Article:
PEI plans to have four stores supplied by local Canada’s Garden Island, New Brunswick’s Organigram, and Canopy Growth Corporation.

Nova Scotia’s plans are likely to receive the most resistance in the Maritimes. With a large unregulated market, and only nine stores for almost a million people, the Province is likely to run into many of the same difficulties as Ontario. Further, only one of the proposed stores would be cannabis-only, and the others would be co-located with alcohol sales. Each of these province’s crown corporations will also run online cannabis sales.

Eastern Canada

Quebec’s retail cannabis plan seems to be the strictest in the country. While they are also going the route of a public crown corporation controlling cannabis sales, they are proposing a zero-tolerance rule for cannabis in your system while driving (problematic for many reasons). They are also trying to ban personal cultivation in the province, despite federal legislation that would allow it. As of a couple months ago, the province had signed deals with six licensed producers to supply a total of 62 thousand kilograms. Hydropothecary, Aphria, and Canopy Growth Corporation are on the hook for two-thirds of that, while Medrelief, Aurora, and Tilray will be responsible for the last third. Quebec plans to have twenty stores the first year of legalization.

The Ontario Cannabis Retail Corporation will oversee the opening of 40 stores across the province, with another hundred or so expected within the first few years of legalization, and have retained Shopify to run online sales. Licensed producers don’t seem to have a lot of confidence that Ontario’s plan will make a dent in the thriving unregulated market of pop-ups, dispensaries, and online sites, and it may be hard for the province to convince them to lock up the amount of supply that would be needed in the province. Meanwhile, Shoppers Drug Mart has signed deals with three suppliers, and are well positioned if private retail were to be included to solve this issue. A recent election, however, showed that there are no signs of this happening soon.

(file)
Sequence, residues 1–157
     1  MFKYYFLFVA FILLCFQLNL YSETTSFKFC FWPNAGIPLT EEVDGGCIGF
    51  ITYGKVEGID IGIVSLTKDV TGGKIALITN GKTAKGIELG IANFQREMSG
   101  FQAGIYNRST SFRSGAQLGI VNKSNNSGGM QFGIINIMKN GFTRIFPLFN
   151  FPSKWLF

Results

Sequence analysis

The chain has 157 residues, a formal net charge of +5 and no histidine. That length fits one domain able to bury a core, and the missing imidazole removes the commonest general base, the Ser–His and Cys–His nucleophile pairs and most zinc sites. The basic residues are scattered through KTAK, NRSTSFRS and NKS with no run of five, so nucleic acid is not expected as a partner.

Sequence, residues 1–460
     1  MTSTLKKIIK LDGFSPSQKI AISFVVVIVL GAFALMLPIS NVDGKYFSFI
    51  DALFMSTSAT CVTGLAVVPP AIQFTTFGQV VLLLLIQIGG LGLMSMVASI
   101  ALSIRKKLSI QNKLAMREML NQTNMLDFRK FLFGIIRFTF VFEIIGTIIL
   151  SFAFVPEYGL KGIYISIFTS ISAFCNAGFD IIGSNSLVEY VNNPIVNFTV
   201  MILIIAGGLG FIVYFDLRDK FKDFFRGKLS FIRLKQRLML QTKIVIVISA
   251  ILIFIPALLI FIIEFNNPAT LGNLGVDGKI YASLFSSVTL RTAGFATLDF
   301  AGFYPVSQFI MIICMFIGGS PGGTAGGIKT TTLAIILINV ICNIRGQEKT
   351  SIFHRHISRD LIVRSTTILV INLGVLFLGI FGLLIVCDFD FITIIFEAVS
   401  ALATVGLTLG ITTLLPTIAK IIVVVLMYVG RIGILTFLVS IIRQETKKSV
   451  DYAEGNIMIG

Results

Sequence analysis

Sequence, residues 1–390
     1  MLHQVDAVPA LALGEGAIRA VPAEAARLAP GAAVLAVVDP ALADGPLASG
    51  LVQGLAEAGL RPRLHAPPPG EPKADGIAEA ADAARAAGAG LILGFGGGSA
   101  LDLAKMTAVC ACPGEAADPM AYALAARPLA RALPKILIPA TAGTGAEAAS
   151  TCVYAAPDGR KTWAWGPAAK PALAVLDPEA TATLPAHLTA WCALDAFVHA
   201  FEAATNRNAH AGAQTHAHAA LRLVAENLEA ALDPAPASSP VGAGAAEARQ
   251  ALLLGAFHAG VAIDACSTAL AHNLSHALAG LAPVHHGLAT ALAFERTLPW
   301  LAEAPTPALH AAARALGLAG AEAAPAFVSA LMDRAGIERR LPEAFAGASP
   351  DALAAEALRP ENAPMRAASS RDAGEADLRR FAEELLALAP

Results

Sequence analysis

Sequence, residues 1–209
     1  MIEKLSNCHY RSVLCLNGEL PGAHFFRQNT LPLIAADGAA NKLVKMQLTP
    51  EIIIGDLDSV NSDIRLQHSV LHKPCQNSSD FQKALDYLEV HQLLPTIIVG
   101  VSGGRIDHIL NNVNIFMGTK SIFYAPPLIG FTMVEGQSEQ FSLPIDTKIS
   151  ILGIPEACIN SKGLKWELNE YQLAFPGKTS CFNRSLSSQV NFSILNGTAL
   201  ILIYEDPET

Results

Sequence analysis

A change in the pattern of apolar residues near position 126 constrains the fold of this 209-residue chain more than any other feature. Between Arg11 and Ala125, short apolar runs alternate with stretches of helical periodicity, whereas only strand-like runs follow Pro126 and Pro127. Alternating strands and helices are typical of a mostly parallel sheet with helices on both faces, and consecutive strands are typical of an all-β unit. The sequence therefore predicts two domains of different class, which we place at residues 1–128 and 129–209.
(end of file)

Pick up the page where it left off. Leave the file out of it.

Western Canada

Manitoba’s RFP received more than 100 submissions for four available cannabis retail contracts. As the only province to explicitly encourage First Nation participation, National Access Cannabis’s historic deals with multiple First Nations left them well-placed to be granted conditional acceptance. The other three companies conditionally accepted were Tokyo Smoke, 10552763 Canada Corp, and a joint-bid by Canopy Growth and local Delta-9 Cannabis. Manitoba’s Liquor and Lotteries’ call for supply closed March 26, and, by then Tilray had signed a Letter of Intent with National Access; it would be hard to imagine Canopy and Delta-9 not included in supply agreements. Manitoba, like Quebec, is also interested in banning personal cultivation.